Hayek says that in a complex system no one 'person' can encompass enough knowledge to run it as efficiently as if decisions are decentralised to 'people'

Basically (IMO and I am not an economist) they say pretty much the same thing.

In the case of the railways there is one bristol-london line and about 5 stops in-between. The rest of the system is not that big - as such this should have been run / managed / maintained by one 'person'

I could go on and explain how the NHS is truly complex and supports an enormous rang of differing and complex needs (Bournemouth is not Liverpool) but because of central whitehall control has many of the worse aspects of a centralises command economy are combined with the nastier features of privatisation salami style - where one limited service is outsourced but all the external risks are left with the NHS.
This can make money for the outsourcer but good luck if something goes wrong.

My contribution - selfless paragons
- adam smith - there are no selfless paragons :)

E-K said...

Matt - 12 years of Tory rule ?

Who is it they choose to take on ? The corrupt privateers ? Or the lowly cleaners !

There is oik-o-phobia in this country of the highest order. That an oik like me should dare to be able to articulate an argument and to elevate his own offspring to a higher position without any aid whatsoever via private schooling or an expensive house within catchment of an excellent 'state' school. Simply through sheer intelligence, guile and determination.

Tories cannot stand it.

They could not stand me being able to keep my missus at home educating the kids.

So they immigrate loads of blokes via the RNLI to challenge our position.

They hide behind Greta Thunberg to rape us with petrol and hide behind George Floyd to control our political choices.

They gift their mates top contracts and syphon billions in taxpayers' money via the privatised systems. (When was the last reservoir built bearing in mind record drought and record population ?) and then blame workers on pay freezes (endured in some cases for decades) for inflation.


The intelligent working class are finally awakening in the UK and they do not fit the pejorative 'Marxist' description and the lack of the recruitment of them in the Tory ranks is precisely why this latest post on C@W is about two slimey wankers.

Please re-watch the Dempsey video and tell me what on earth he's said wrong.

Matt said...


Is this integrated rail company publicly owned?

DJK said...

E-K: I watched the Dempsey video --- very impressive.

On the Tory leadership contest, Rory Sutherland puts it well: "The Conservative party leadership contest is a milestone for diversity and inclusion. This time, we get to choose between someone who studied philosophy, politics and economics at Lincoln College, Oxford and someone who studied philosophy, politics and economics at Merton College, Oxford. I can barely contain my excitement."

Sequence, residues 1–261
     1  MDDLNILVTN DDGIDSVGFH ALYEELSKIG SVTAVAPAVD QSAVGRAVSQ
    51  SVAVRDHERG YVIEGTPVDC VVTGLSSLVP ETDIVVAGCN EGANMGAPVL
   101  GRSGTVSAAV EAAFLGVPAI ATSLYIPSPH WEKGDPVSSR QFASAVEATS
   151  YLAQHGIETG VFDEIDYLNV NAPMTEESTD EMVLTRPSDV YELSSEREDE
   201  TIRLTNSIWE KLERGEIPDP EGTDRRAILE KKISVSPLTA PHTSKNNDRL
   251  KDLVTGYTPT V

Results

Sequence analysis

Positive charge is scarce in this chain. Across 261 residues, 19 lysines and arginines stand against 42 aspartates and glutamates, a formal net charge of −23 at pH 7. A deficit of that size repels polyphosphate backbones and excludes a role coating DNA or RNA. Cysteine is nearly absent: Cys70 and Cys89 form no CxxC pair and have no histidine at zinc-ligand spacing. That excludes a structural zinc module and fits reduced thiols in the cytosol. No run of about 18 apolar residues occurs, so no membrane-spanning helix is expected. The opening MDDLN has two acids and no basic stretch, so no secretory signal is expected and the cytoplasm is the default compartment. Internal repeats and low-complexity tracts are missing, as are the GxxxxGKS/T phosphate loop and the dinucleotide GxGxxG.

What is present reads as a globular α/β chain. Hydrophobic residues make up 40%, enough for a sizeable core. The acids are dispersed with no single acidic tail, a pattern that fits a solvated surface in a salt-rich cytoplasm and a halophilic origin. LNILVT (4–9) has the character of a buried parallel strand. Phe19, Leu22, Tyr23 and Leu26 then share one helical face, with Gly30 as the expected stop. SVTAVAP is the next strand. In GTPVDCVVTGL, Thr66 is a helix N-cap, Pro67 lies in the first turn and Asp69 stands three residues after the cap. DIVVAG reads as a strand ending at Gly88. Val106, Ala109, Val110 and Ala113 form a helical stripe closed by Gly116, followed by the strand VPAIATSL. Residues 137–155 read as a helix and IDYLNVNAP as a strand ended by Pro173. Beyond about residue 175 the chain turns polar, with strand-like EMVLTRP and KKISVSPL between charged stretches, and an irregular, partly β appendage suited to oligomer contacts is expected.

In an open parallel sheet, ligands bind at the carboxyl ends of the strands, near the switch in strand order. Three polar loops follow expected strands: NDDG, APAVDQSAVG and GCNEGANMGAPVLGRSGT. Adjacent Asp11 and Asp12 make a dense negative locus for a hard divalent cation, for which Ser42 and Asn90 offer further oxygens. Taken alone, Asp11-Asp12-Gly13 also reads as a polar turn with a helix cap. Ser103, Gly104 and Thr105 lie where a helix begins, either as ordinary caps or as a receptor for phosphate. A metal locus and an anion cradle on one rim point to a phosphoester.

dearieme said...

"Is this integrated rail company publicly owned?"

The public won't own it: it'll be owned by some combination of politicians, civil servants, and union leaders. Never by the public.

Don Cox said...

A major rethink of the Oxford PPE degree is obviously needed.

I read zoology at Oxford, and I find the subject very helpful when studying politicians. It was an excellent degree course, taught by people who really knew their subjects.

I wish I had been a better student.


Thud said...

E.k. how would anything have been better under Corby?

E-K said...

Thud - we got everything I feared under Corbyn and in spades !

Record levels of immigration, record taxes, an explosion in the useless state and greenism and Woke on speed.

80 seat Tory majority FFS.

RMT doesn't like Corbyn either. Lynch is not affiliated to any party.

PS ... I offer DJK's 5.29 as Comment of the Day.

Matt said...

What would happen with this "integrated rail company" if it were private or publicly owned?

If private, it would be set-up with a subsidiary owning the rolling stock (another ROSCO) and leasing/provifing it to a separate train operating company (TOC) entity within the group. The leasing (or transfer pricing) would be the same £3 billion the talking heads in the union are bitching about. Staff and customers would be just as shafted as they are now - perhaps more so if a monopoly was created across the country.

If public, the government would run it on a shoestring as other priorities would come first (the NHS being the obvious example). Therefore the smart people (i.e. not selfless paragons) who were making a fortune in the ROSCO would bugger off to find a more lucrative job. That would leave those who couldn't (or wouldn't) find another job to write contracts for new rolling stock - probably facing off against one of the smart people who left. The result of this would an overly expensive contract where the public purse is yet again purloined because we pitted people with no incentive to protect taxpayer money against red-blooded capitalist who sense a weak prey.

Be interested to know if anyone can provide a realistic scenario where the public end up with a better service at lower cost. Please ensure you take into account that the government (civil service) have zero incentive to do anything other than the bare minimum and the vultures are on the lookout for any opportunity to stick their snouts in the trough of public money.